FIA Calls for New Global Policy to Tackle Vehicle Emissions
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The FIA has called on the United Nations to adopt the first-ever worldwide target for CO2 emissions in passenger cars.
26.10.2007 -- At its General Assembly in Paris today, the FIA and its member clubs worldwide unanimously agreed to a Declaration which sets a global CO2 emissions benchmark of 140g/km for passenger cars as part of a new international framework for greener motoring.
The FIA’s new policy Declaration, entitled ‘Make Cars Green’, aims to help governments around the world work towards cost-effective environmental policies for the motor vehicle sector.
FIA President Max Mosley is calling for a coherent international strategy to reduce both the toxic emissions and the carbon intensity of the automotive sector.
“The FIA considers that a serious rethink on fuel economy and C02 reduction is required across the motor vehicle sector worldwide. The FIA is proposing a global framework which will create a level playing field allowing manufacturers and governments across different markets and regions to work together on this problem,” he said.
The key measure of adopting a non-mandatory global C02 emissions benchmark of 140g/km for passenger cars would ensure that progress in fuel efficiency of new motor vehicles across markets all around the world could be assessed so that decision makers can work towards cost-effective environmental policies for the automotive sector.
This standard could be adopted by the United Nations and serve as a global target for fuel efficiency of all new motor vehicles. While China, the EU, Japan and the US each have forms of fuel economy standards they vary widely in levels of stringency. As fuel economy is a global challenge, these policies must be brought into line. The target could also provide the basis for a future automotive sector carbon trading system in which manufacturers that exceed 140g CO2/km can trade permits with those that do not.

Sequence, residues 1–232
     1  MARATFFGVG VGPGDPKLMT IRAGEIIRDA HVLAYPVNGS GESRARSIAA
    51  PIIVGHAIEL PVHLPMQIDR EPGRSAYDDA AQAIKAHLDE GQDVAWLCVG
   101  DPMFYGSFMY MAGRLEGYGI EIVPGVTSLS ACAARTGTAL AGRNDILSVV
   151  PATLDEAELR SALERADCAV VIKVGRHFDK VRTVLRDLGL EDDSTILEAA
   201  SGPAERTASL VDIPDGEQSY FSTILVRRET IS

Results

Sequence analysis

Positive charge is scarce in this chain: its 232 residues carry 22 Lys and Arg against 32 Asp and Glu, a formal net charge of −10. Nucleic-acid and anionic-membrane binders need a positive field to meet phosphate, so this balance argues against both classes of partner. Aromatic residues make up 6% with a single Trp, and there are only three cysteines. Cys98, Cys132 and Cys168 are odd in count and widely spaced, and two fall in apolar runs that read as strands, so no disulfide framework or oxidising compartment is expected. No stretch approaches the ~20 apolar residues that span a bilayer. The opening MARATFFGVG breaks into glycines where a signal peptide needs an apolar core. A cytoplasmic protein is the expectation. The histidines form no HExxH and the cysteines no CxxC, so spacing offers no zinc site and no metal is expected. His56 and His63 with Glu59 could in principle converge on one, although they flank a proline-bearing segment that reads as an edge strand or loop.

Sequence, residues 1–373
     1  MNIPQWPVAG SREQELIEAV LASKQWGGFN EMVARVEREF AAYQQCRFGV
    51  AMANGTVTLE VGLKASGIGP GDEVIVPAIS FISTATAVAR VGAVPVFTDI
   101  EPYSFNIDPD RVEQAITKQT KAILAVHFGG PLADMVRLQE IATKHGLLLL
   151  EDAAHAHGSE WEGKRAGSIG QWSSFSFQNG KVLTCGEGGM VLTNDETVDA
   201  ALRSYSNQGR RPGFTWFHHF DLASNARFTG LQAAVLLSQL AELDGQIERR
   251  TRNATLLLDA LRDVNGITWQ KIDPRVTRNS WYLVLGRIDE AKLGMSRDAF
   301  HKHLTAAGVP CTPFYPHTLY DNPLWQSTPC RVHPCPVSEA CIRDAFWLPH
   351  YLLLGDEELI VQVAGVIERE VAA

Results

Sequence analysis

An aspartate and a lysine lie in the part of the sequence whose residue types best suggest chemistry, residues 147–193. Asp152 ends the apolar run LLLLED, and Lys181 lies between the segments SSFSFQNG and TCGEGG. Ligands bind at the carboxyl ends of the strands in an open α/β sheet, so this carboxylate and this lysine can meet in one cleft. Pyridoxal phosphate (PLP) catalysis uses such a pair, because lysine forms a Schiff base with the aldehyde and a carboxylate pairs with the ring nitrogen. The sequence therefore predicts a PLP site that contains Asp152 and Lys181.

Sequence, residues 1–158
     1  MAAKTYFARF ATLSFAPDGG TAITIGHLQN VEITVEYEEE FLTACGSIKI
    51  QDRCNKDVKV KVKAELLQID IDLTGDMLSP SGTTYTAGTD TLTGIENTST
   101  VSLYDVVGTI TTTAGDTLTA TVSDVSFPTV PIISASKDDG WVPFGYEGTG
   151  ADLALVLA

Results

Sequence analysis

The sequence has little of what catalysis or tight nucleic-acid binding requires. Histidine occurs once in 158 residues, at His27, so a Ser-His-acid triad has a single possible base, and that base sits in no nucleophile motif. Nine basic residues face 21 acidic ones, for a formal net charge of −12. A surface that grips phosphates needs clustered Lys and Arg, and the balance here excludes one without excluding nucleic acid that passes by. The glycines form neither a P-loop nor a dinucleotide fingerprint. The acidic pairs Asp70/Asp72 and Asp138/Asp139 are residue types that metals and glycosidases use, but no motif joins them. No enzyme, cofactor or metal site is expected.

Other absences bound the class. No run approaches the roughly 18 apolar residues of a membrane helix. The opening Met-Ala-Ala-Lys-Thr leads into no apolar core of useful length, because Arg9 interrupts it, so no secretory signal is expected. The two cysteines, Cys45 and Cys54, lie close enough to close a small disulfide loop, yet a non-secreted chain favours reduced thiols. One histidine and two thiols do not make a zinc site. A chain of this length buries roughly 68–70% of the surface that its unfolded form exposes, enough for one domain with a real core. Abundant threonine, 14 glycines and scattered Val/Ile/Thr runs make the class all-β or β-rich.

Mosley added: “There must be an integrated approach involving new vehicle technologies, improved fuel quality, better traffic management and measures that encourage motorists to recognise their responsibility to reduce CO2 emissions.”
Among its recommendations, the FIA Declaration also outlines ways to: promote more environmentally friendly and fuel efficient driver behaviour; reform motoring taxation with an emphasis on use rather than ownership; introduce new technologies to help motorists monitor their environmental impact; save energy through improved tyre design; and encourage the global use of unleaded and sulphur free fuels.
Along with the Declaration, the FIA has issued a ten point guide to greener motoring. Measures include: plan your journey - ten minutes of unnecessary driving in a 1-hour trip results in a 14 per cent decrease in fuel efficiency; check tyre pressures frequently - driving on tyres with low air pressure decreases fuel efficiency; start off gently - 20km/h in 5 seconds, for an 11 per cent increase in fuel economy; and avoid abrupt, heavy accelerations.
- Make Cars Green, the FIA’s ‘Declaration on Air Quality, Climate Change and the Automotive Fuel Economy’ was agreed by the FIA 2007 General Assembly on 26 October in Paris.
- Common standards for automotive emission control, fuel quality, and fuel economy would be developed through the United Nations World Forum for Harmonization of Vehicle Regulations (UNECE WP29).
- ‘Green taxation’ would give positive incentives to consumers to use cleaner and more fuel efficient automotive products. Motoring taxation should be reformed with a bias towards charging for use rather than ownership. Such reform must remain transparent, revenue neutral and hypothecated to improvements in road transport infrastructure and services.
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